• This bill would: limit the residents in a groundwater basin who can petition and vote for forming new Active Management Areas (AMAs) and new Irrigation Non-expansion Areas (INAs).
      • Where it stands: failed in the House on a 30-28 vote
    • OPPOSE HB 2021 conservation easements; in lieu payments
      • This bill would: reduce incentives for conservation easements, a powerful tool for land stewardship
      • Where it stands: failed in the House on a 19-36 vote
    • OPPOSE HB 2063 exempt wells; certificate; groundwater use
      • This bill would: hand out water rights to small groundwater pumpers with no corresponding management framework.
      • Where it stands: passed out of legislature on partisan lines but vetoed by the Governor on April 30
    • OPPOSE HB 2366 physical availability; review; designated providers
      • This bill would: undermine investments that municipalities with a 100-year water supply have made in their water portfolios.
      • Where it stands: failed to receive floor action in the House
    • SUPPORT HB 2487 residential lease community; Prescott AMA
      • This bill would: require build-to-rent/ residential lease housing development to prove it has a 100 year water supply before building in the Prescott Active Management Area.
      • Where it stands: failed to receive a committee hearing in the Senate after it passed out of the House on a partisan 31-28 vote.  
    • SUPPORT Senate Concurrent Resolution (SCR) 1038 Ariona state parks heritage fund
      • This bill would: allow voters to decide if the State Parks Heritage Fund should be funded at $10 million annually from the State Lottery Fund. Subject to voter approval, it would reinstate funding, which was swept back in the Great Recession.
      • Where it stands: Unfortunately, this bill did not pass out of the Senate, on a 15-13 vote. We are hopeful it will be included in budget negotiations.


    • OPPOSE House Concurrent Memorial (HCM) 2007 Grand Canyon Footprints monument; repeal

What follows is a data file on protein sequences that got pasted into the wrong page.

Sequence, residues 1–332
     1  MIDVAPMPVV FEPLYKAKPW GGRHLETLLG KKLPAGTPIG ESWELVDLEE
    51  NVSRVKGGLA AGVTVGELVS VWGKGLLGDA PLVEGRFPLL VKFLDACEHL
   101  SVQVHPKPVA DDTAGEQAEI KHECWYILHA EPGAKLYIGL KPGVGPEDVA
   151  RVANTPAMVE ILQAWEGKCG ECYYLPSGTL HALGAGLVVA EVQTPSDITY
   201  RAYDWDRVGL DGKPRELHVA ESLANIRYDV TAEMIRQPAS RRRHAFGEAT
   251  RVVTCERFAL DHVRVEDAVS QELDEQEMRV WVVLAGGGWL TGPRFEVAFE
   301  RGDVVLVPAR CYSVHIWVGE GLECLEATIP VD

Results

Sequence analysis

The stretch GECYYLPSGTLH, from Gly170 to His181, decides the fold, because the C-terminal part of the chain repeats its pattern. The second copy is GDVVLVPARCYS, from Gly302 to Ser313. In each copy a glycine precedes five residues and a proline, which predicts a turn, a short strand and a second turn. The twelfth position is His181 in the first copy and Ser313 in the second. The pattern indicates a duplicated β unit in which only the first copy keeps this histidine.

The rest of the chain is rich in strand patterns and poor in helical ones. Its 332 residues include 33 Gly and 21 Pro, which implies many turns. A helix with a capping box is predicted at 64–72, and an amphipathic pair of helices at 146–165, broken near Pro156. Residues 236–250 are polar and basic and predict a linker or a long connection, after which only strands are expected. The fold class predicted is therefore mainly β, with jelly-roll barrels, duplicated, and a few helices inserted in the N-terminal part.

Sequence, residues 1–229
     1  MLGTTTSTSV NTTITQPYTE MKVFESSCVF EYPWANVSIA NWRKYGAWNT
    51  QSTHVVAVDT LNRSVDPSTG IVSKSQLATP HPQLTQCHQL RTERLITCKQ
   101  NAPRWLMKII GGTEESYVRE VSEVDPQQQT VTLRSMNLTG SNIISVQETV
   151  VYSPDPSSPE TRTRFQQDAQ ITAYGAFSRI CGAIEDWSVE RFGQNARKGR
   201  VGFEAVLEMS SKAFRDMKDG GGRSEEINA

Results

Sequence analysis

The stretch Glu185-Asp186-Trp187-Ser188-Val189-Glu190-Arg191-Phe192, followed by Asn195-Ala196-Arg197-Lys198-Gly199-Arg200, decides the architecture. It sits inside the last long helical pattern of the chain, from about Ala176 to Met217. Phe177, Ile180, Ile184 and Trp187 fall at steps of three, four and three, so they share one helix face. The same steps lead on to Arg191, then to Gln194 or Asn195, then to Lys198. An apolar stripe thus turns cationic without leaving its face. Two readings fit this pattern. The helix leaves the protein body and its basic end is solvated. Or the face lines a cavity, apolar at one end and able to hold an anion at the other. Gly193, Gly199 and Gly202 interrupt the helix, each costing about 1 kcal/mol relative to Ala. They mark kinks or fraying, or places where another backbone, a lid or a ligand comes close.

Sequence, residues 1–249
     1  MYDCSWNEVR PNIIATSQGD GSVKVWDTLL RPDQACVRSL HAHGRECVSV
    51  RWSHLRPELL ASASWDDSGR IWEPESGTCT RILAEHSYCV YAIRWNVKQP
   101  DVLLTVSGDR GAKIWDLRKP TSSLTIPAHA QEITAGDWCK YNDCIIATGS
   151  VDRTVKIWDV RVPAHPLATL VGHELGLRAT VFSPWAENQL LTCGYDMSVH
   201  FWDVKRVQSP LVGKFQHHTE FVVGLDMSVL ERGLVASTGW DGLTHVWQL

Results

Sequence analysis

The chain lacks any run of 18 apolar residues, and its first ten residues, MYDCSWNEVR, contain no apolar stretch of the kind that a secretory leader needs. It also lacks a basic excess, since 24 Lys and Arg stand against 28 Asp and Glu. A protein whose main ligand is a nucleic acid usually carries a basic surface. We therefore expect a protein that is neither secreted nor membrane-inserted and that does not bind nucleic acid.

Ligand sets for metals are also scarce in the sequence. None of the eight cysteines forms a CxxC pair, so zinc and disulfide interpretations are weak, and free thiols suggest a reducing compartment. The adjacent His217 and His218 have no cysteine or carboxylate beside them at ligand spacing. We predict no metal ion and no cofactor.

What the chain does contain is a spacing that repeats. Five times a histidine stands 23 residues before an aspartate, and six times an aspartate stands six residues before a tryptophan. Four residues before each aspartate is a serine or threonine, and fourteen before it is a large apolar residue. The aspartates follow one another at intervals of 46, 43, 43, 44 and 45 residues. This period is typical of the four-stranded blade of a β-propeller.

• This bill would: urge the President of the United States to repeal the recently established Baaj Nwaavjo I'tah Kukveni Ancestral Footprints of the Grand Canyon National Monument. This is essentially a letter than the legislature sends to the White House.
      • Where it stands: transmitted to the Secretary of State (does not require Governor’s signature) after it passed narrowly out of the House and Senate chambers along straight partisan votes (Republicans supporting, Democrats opposing).

    We’ll keep an eye on the active bills as they make their way to Governor Hobbs’s desk.

    Audubon’s Priorities in the Arizona state budget

    Each session, we outline our list of priorities for what should be included in a bird and people budget for Arizona. This year, the financial situation is less rosy than last year.

    Still, we must protect the lands and waters that sustain our livelihoods here in the state. So, in addition to ensuring the Arizona Department of Water Resources and the Arizona Department of Environmental Quality have the resources they need to fulfill their missions of protecting our water supplies, Audubon is advocating that the following be included in the state budget:

    • $27 million for proactive forest restoration to protect communities from wildfires and to improve the health of forests and watersheds
    • $25 million for the Water Infrastructure Finance Authority’s Water Conservation Grant Fund (WIFA received more than 250 grant applications requesting a total of $300 million before applications closed; $200 million total was available).
    • $10 million for the State Parks Heritage Fund
    • $9.5 million deposit into the Water Quality Fee Fund to ensure the cleanliness and safety of surface water, groundwater, and drinking water
    • $250,000 to the Arizona trail fund, which helps provide maintenance, planning, and preservation of the 800-mile long Arizona Trail.

    Be sure to join our Western Rivers Action Network so you can easily contact your lawmakers to let them know about these important funding priorities—for our birds and for our state.